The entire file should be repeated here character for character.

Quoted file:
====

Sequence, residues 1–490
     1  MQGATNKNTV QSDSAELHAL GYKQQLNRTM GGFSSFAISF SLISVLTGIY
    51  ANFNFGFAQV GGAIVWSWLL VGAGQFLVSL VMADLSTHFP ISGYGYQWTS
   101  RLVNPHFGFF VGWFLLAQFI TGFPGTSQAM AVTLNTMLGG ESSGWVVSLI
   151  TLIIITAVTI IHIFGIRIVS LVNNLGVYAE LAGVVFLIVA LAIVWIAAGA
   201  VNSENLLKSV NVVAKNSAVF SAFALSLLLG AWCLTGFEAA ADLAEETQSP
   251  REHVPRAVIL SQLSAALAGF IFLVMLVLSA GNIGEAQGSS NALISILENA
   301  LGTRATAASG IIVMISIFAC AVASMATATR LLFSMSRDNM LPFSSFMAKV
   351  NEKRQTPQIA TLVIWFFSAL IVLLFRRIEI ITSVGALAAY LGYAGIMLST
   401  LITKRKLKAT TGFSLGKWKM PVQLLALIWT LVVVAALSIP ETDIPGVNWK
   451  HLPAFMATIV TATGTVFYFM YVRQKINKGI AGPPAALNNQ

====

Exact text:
Sequence, residues 1–490
     1  MQGATNKNTV QSDSAELHAL GYKQQLNRTM GGFSSFAISF SLISVLTGIY
    51  ANFNFGFAQV GGAIVWSWLL VGAGQFLVSL VMADLSTHFP ISGYGYQWTS
   101  RLVNPHFGFF VGWFLLAQFI TGFPGTSQAM AVTLNTMLGG ESSGWVVSLI
   151  TLIIITAVTI IHIFGIRIVS LVNNLGVYAE LAGVVFLIVA LAIVWIAAGA
   201  VNSENLLKSV NVVAKNSAVF SAFALSLLLG AWCLTGFEAA ADLAEETQSP
   251  REHVPRAVIL SQLSAALAGF IFLVMLVLSA GNIGEAQGSS NALISILENA
   301  LGTRATAASG IIVMISIFAC AVASMATATR LLFSMSRDNM LPFSSFMAKV
   351  NEKRQTPQIA TLVIWFFSAL IVLLFRRIEI ITSVGALAAY LGYAGIMLST
   401  LITKRKLKAT TGFSLGKWKM PVQLLALIWT LVVVAALSIP ETDIPGVNWK
   451  HLPAFMATIV TATGTVFYFM YVRQKINKGI AGPPAALNNQ